Archive for the 'Ministry' Category

14
Oct
08

Church 2.0 Fall Tour

Yet another event announcement but I might actually go check out Church 2.0 in Boston this Friday put together by Greg Atkinson. Anyone interested?
It should be a very engaging dialogue full of creativity and innovation. I’ve been hungry for that.

1. Friday, Oct. 17: Church 2.0 Local Forum – Boston
Register for Boston on Facebook HERE. Not on Facebook? Register HERE.

There are other tours. Check out the tour schedule and sponsors at Church 2.0

13
Oct
08

Q Conference 2009 Austin, TX

The official website for Q Conference 2009 is up! [Thanks to Jeff Shinabarger!]
Q will be held April 27-29, 2009 in Austin, Texas.
Looking forward to another one.

Check out my 2008 experience posts:
Q Conference 2008, nyc, PART 1
Q Conference 2008, nyc, part 2
Q Conference, nyc, part 3
Q Conference, nyc, part 4

09
Oct
08

Catalyst Conference 2008

I wouldn’t mind being at Catalyst Conference lounging with some of you bloggers that I’ve come to know or follow stalk. I’ve yet to go. Don’t know if I really ever will.

Catalyst has provided some great fresh ideas and fuel for next gen church leaders. I think they’re doing some pretty cool things but I do wish I could see some more diversity from such an influential effort that seeks to shape and impact the next generation of church leaders.
Is there a lack of minority esp. Asian voices making an impact on culture?
Or is it that these voices are just too busy actually making an impact on culture?

You can follow the tweets along with me or try to follow their live conference setup through Catalyst Backstage with Anne Jackson. The live ustream.tv for interviews were pretty buggy yesterday.

01
Oct
08

Catalyst Live Webcast

CATALYST LIVE WEBCAST: Thursday @ Noon (Eastern) / 9:00am Pacific

Thursday, Oct 2nd, @ 9am Pacific / 12pm Eastern, Catalyst is hosting a LIVE Webcast on Mogulus.com/catalystspace. Brad Lomenick and Chad Johnson will be giving you a view of Catalyst Conference behind the scenes and answering your questions.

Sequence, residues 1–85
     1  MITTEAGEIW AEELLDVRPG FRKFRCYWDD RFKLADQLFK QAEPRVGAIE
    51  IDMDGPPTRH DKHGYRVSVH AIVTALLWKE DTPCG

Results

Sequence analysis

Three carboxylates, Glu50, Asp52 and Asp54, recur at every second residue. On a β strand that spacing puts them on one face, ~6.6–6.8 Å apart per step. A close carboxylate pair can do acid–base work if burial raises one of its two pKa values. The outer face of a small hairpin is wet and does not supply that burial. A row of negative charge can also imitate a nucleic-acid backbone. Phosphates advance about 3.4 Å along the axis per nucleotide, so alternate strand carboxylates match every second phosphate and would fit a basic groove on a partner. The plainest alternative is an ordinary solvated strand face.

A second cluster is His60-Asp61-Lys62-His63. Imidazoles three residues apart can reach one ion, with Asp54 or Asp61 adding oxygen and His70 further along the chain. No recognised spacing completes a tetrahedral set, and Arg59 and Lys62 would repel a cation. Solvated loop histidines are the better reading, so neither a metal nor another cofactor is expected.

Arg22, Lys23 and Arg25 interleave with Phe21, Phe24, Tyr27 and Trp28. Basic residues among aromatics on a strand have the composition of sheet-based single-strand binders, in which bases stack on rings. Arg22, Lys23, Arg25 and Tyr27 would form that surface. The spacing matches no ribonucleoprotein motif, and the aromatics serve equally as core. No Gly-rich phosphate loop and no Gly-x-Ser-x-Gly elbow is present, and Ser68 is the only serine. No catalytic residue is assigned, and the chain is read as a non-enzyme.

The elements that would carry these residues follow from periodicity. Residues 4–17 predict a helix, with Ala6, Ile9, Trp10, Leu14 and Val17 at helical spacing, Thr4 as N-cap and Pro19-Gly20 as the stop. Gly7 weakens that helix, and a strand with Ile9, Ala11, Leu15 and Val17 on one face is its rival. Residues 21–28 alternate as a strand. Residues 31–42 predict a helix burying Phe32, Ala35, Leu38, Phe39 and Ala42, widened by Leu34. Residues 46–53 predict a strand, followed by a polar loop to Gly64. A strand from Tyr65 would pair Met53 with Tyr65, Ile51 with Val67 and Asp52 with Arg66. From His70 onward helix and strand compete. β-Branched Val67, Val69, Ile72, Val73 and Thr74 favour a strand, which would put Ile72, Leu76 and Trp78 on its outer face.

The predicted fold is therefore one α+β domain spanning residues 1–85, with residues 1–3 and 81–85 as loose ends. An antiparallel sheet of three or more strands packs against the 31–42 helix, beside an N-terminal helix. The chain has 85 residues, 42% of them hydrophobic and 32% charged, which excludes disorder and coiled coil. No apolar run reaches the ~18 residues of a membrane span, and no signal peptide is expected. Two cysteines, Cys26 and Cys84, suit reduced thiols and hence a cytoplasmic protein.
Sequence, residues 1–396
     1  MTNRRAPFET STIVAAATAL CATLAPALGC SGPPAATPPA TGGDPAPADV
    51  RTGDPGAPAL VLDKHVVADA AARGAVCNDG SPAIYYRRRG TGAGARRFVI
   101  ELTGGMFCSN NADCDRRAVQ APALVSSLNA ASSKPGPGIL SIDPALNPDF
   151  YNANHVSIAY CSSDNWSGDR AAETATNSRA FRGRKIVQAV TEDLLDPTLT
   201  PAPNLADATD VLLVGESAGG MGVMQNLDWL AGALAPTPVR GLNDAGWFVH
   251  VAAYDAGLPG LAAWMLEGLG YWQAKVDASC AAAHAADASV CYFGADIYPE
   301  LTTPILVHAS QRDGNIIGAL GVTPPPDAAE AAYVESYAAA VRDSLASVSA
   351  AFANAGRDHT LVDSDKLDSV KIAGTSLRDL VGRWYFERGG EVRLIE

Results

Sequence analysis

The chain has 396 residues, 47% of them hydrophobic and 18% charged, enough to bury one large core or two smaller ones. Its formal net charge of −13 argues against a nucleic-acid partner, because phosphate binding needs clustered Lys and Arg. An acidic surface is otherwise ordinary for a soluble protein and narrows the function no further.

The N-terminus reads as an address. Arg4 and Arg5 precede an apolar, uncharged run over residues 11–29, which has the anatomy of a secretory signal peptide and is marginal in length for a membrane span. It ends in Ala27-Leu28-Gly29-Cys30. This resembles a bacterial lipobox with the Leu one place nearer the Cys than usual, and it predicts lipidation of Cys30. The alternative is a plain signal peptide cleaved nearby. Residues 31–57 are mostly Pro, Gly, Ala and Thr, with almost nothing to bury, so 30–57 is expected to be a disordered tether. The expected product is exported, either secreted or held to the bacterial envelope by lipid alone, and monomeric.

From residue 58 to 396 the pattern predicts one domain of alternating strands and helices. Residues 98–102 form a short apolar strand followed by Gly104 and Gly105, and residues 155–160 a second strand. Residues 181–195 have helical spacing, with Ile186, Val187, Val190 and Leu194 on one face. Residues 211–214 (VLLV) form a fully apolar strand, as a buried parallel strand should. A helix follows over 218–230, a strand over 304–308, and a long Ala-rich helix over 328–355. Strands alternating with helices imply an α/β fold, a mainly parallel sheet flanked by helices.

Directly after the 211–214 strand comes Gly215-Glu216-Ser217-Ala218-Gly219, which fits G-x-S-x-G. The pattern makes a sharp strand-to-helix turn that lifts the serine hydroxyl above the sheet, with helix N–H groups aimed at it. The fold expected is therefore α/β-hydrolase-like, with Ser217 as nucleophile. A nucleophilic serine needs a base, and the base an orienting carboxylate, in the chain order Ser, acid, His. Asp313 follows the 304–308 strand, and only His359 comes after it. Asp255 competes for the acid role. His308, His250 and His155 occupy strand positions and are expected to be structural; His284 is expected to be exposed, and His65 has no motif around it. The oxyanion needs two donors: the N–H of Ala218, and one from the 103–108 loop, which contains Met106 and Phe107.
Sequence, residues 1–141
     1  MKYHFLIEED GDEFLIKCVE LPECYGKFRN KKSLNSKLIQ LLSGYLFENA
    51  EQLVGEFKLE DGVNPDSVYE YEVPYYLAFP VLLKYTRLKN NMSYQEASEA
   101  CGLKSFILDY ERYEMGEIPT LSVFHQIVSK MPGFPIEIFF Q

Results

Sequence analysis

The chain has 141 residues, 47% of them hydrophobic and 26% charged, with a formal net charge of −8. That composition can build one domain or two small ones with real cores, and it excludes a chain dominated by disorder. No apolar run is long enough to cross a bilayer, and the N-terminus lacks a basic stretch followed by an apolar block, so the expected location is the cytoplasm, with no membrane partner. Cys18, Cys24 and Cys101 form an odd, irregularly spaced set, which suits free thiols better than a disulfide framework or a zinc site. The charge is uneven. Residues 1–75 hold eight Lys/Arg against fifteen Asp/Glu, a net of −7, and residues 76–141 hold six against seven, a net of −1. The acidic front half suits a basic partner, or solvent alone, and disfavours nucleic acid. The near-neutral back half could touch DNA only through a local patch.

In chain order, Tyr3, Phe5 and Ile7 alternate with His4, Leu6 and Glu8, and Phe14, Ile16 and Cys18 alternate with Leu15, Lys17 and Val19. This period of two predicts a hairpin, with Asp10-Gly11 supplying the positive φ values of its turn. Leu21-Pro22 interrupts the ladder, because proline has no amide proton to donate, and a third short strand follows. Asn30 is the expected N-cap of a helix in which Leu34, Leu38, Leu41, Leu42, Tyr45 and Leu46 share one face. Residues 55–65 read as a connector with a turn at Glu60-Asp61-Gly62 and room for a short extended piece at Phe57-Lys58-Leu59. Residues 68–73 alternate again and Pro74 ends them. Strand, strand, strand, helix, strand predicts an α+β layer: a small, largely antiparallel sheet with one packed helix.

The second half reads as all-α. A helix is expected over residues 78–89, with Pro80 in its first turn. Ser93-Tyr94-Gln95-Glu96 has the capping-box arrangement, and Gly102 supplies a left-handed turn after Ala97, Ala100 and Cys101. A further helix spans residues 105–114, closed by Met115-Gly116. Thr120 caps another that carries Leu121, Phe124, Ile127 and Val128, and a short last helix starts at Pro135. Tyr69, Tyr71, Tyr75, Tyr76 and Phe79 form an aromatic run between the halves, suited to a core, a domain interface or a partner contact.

via djchuang.com
23
Sep
08

Gen Y and Heroes

Monday nights have been revived for me. You’ll find me glazed over watching Terminator: The Sarah Connor Chronicles and Heroes. I’m still eagerly waiting for new episodes of Battlestar Galactica (ETA: Jan 2009). NYTimes reviewed the new season of Heroes and gives us some great insight into Gen Y. If you don’t have a clue about Gen Y then here’s a good way to start. It’s important to know the things that shape a generation and their attitudes towards the world. Unfortunately, the church tends to be years behind the times and still trying to minister to generations before. I deeply appreciate James Chuong‘s approach to tell the Gospel in this context. Check out, From Four Laws to Four Circles. As you read and understand Gen Y you’ll see how well the Four Circles works to convey the story of God today.

Insights From Times Review
The current economic crisis confirms Gen Y’s worst fears that their baby boomer parents are leaving them a world convulsed by war, drowning in debt and melting down under global warming.

And Generation Y has more special abilities than any previous one: these are people who came of age taking the Internet, BlackBerries, cash machines, Facebook and iPods for granted. They also take the taking for granted. They are the most coddled, indulged and overprotected generation ever. Swaddled in safety and self-esteem, they have all been assured that they are special. They don’t rebel against their parents or even seek independence; they welcome an electronic umbilical cord that stretches through high school and college and even the post-graduate return to the empty nest.

“Your mother, my father, God knows what else they’ve done. How much longer are we going to have to clean up their mess?” – Matt Parkman, Telepath on Heroes

Every Generation Has Heroes
Each generation thinks less of the next generation. The Boomers were the hippies. Gen X were the slackers. I can’t help but have some of my own criticisms as I have worked with Gen Y over the years. I do get frustrated with many of them but I know it is unfair to make sweeping statements of an entire generation. Generally they are certainly driven individuals. Especially among Asian-Americans, talented, privileged. Demanding? Who doesn’t want work-life balance? They want to be CEOs by their mid twenties but only prepared to work 35 hours a week to get there. Wouldn’t that be nice? Big rewards with little or no effort? The old paradigm used to be work hard and eventually you’ll make it. Now it’s be famous for doing nothing. They want the life of heirs and heiresses. I want to just say, grow up! — Er… or more spiritually say, we need to leave room for God to disrupt our lives. We’re all ordinary people called to be heroes who have all of God’s resources to fulfill that calling. But if we really want to be real heroes, we have to decide if this seemingly impossible mission of God is worth giving everything up for. At some point, we need to confront our hypocrisies – what do we desire more?